Restore a balance wheel? What in the world does that even mean? Well, I just completed a tutorial on restoring a Singer potted motor. As I got to the end, it dawned on me that the process naturally incuded removing and reinstalling the balance wheel. Well, the balance wheel on these two machines is not the same solid balance wheel found on other Singer machines of the same vintage. The difference is the potted motor… A belt driven sewing machine has a solid balance wheel, while a machine with a potted motor has a “textolite” gear attached to the balance wheel that is driven by a worm gear on the motor.
This is where my attention to restoring the balance wheel on these machines comes from. These balance wheels have a shock absorbing mechanism built into the balance wheel hidden from view by the “textolite” gear. You can see how this works by holding the balance wheel in one hand and turning the gear in the other. The gear will move in relation to the balance wheel by about a quarter of an inch before it engages… in either direction. Singer included this feature to absorb the shock of the gear drive in starting or stopping the sewing mechanism.
I don’t know that many people know this mechanism exists, or that the machine can be improved by addressing it. I do know that I have come across many, and none have had any indication of being previously serviced. after 60 to 80 years of service, it just makes sense that the grease lubricating this mechanism has outlived its purpose, my experience with disassembling and servicing these balance wheels supports this. The same general process will work on other gear driven machines including the 301, 401A/403A, and 500A/503A.
It’s really easy… takes 15 minutes… the balance wheel is easily removed… it makes a noticible difference in how the machine feels… and I want to presuade you check this off of your maintenance list for your machine that once done, should last for years.
This is a short tutorial so I will begin…
There are two configurations of these balance wheels. One has a collar with three screws retaining the gear, the other uses a “horse shoe” spring clip retainer. Here is a picture showing both. The pictures I used in this tutorial are a combination of both. The parts and process from the textolite gear down are the same.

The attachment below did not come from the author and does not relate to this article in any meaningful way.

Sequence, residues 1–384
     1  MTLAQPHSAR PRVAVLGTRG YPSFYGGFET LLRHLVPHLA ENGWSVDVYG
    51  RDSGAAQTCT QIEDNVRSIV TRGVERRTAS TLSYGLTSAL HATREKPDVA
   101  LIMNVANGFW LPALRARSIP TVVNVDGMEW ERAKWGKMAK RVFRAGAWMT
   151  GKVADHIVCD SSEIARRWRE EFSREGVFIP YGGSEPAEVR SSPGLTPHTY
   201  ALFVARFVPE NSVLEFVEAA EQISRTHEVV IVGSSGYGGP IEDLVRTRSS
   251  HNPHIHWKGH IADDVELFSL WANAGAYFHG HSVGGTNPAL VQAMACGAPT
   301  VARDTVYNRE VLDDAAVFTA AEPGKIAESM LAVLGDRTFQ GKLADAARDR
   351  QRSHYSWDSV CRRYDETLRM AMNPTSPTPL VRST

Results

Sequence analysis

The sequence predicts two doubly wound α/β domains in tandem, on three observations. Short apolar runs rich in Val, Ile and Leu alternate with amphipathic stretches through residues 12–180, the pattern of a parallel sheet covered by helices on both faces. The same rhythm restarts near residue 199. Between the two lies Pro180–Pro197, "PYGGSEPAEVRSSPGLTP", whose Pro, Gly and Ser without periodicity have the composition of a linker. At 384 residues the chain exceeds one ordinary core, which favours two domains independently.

The only difference in disassembly is this… One begins with loosening the screws and removing the collar. The other begins with removing the horse shoe clip. The horse shoe clip is a bit more challenging, but it simply involves prying the clip wider and away from the groove it sits in. There are two holes on the end of the clip for this purpose. There is a tool that is specially made for this, (like in the picture) but I have found that a pair of needle nose pliers works just as well.
Remove the collar or clip.
Remove the “textolite” gear.
Remove the thin metal cover.
What you see underneath is a spring with one end engaged with a stud in the balance wheel. Inside of the spring are two eccentric studs that pivot in their holes… remove the spring and eccentric studs.
Clean all of these parts.
Apply grease (I used Singer grease lubricant, any sewing machine grease will do) to the back of the textolite gear, eccentric studs, spring, and the area in the balance wheel these reside. Reinstall the eccentric studs and spring. Remember one end of the spring goes on the fixed stud in the balance wheel.
Replace the metal cover, the textolite gear, and the horse shoe clip or screw collar.
Apply grease to the gear teeth and the worm gear and reinstall the balance wheel.
You will notice the difference immediately and the mechanism will function as it is did when new!
I hope that this tutorial has helped you and answered a few questions in the process. Don’t hesitate to contact me if you have any questions, and please visit our Etsy store at https://www.etsy.com/shop/pungoliving, to see our restored fine high quality sewing machines.
As always, our tutorials are provided as a free resource to help you learn and maintain your vintage sewing machine. As our site has grown, so has the cost to keep and maintain it. Despite these cost, I will strive to continue posting tutorials and other relevant content for the benefit of the sewing community. If you found the content of this tutorial useful, please consider making a small donation to help me grow the site and help defray my costs… every little bit helps.
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